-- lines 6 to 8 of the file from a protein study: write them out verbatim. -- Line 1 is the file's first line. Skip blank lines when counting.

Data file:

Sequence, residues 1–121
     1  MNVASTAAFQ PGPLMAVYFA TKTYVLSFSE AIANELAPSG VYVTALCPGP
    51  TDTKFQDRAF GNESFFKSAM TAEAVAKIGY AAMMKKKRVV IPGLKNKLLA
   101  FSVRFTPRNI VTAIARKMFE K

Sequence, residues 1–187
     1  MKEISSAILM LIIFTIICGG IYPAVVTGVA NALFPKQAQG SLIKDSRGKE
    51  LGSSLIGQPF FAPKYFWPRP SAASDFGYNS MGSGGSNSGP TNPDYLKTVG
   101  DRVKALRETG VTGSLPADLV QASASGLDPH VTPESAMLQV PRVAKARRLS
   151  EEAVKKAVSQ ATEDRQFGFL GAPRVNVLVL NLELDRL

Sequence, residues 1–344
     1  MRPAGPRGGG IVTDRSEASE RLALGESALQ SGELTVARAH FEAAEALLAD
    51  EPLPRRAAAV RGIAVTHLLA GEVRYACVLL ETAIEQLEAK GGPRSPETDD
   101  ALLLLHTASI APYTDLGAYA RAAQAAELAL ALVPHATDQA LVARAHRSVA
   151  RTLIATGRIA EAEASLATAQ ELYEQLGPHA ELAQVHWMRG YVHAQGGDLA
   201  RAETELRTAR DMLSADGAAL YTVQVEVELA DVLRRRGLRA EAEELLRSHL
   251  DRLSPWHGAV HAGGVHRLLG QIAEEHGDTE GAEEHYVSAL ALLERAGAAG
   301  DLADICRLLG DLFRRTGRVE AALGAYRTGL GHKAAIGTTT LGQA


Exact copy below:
     1  MKEISSAILM LIIFTIICGG IYPAVVTGVA NALFPKQAQG SLIKDSRGKE
    51  LGSSLIGQPF FAPKYFWPRP SAASDFGYNS MGSGGSNSGP TNPDYLKTVG
   101  DRVKALRETG VTGSLPADLV QASASGLDPH VTPESAMLQV PRVAKARRLS